• humanoid.panda

          The Nazis also practiced vegeterianism, Keynesian economics, and many other things we find relatively unremarkable..

          • PunditusMaximus

            Oh if only Keynesian economics were actually unremarkable.

          • Jhoosier

            The medical experiments that we rely on today were pretty horrific, and one of the reasons we have research ethics boards.

            I’d advise not reading this unless you really, really want to: http://www.jlaw.com/Articles/NaziMedEx.html

        • gccolby

          Literal Nazis, working in Nazi death camps, have conducted experiments and generated results that we rely on today. So there’s your example of science being objective and apolitical.

          Oh for fuck’s sake. This is a myth. Those people were murders and torturers, and the quality of the “data” they produced reflects that.

          The thing is, there are plenty of examples (as given above) where scientists, like the humans they are, have behaved reprehensibly. That’s not in dispute. The history of science is like the history of any other field of endeavor. We are after all an institution formed of people, and while good scientific practice is indeed apolitical and as objective as possible, scientists are humans with agendas and ambition and political views. This isn’t a controversial view in the field, the entire purpose of scientific practice is to try and reduce the human element in the production of data. And learning what makes for good scientific practice is an ongoing project.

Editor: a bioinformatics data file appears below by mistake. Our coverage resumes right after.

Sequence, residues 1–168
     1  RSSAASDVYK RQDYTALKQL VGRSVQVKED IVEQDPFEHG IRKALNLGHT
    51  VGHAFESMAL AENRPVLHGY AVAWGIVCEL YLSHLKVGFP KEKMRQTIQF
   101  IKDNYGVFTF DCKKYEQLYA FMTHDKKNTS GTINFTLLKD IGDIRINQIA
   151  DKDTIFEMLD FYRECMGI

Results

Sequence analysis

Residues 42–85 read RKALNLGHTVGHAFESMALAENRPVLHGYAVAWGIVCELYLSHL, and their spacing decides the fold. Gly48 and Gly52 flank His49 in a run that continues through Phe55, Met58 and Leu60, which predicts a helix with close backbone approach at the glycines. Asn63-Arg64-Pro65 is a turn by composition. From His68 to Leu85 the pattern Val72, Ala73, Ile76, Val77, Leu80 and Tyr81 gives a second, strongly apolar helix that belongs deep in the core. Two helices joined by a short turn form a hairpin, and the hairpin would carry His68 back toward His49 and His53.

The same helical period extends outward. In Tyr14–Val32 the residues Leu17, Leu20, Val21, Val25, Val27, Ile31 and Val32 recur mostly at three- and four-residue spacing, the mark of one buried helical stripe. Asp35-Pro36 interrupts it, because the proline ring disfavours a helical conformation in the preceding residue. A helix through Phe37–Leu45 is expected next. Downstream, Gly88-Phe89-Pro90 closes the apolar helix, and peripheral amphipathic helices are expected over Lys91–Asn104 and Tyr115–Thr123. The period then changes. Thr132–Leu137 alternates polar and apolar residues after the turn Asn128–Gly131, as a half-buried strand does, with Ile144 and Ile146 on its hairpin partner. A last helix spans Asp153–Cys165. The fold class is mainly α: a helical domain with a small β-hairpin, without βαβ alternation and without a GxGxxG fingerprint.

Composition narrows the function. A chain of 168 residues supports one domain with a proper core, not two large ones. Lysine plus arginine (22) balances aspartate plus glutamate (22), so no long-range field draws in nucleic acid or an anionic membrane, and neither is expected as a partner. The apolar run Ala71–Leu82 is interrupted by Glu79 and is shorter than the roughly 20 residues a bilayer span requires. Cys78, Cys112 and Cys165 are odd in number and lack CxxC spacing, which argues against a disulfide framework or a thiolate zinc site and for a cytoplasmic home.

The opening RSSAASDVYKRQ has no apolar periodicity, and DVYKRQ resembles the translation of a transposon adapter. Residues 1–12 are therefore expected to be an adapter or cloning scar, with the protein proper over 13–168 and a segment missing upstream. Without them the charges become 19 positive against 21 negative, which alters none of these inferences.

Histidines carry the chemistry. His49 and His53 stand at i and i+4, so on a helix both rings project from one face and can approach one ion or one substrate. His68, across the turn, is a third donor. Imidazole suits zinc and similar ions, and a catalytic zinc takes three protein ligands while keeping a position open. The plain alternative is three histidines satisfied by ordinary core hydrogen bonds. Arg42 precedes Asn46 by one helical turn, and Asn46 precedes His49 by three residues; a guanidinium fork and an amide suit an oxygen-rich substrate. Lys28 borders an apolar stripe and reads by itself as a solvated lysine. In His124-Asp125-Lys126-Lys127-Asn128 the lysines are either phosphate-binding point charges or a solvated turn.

What is the purpose of this claim, anyway? Cause it sure seems like cheap point-scoring about what a bunch of racist assholes scientists are. Science absolutely has problems with diversity and both representation and treatment of women. And there are lots of people in the field who care a lot about these issues and are trying to solve them. There are also people who don’t care so much and are resistant. Again, kind of a lot like wider society. These problems are hard to fix, partly because of resistance within some institutions, and partly because the boundaries are much larger than the profession of science. I don’t know what else to say.

          • Gareth

            Your own link describes a literal Nazi, who worked in a Nazi death camp and generated results that we rely on today. My reply wasn’t sarcastic. If 19th century Catholic monks, Nazis, Communists, and AIDS and climate denialists who talk to glowing green raccoons can all make significant contributions to science, then it’s fair to call it apolitical.

      • LeeEsq

        During the time of the horrific Tuskegee experiment, white scientists in the United States, Canada, Australia, New Zealand, and Europe sterilized and performed other horrific experiments on hundreds or thousands other white people in the name of eugenics and science. Electro shock therapy and lobotomies had their golden age during this time. Swedish doctors and scientists continued with this form of behavior on white Swedish people until the 1970s. A more diverse scientific community isn’t going to do away with the craziness that affected and affects science.

  • A Monk in Tibet

    On one side are scientists who value their work for its purity, its separation from politics—

    I’m right there with you Brother!

    • los

      another forehanded slight against political scientists!

  • los
    • Origami Isopod

      This sign (courtesy of Shakezula) is one of my faves.

  • LeeEsq

    Newish gets it right on why many scientists are apprehensive about politicization of science. They are heavily invested in the idea that the findings of science should be accepted by all regardless of politics. A politicized science is one that could be ignored if your ideological.priors do not like what it says. Evolution and climate change are examples of the Right ignoring science because of their ideological priors. I don’t have an example from the Left but insistence on diversity might seem like this to scientists because they might see the racial make up of the scientific community as irrelevant becsuse science is science regardless of who discovers something. Trying to cast science in political terms is a deadly sin in this world view.

    • Warren Terra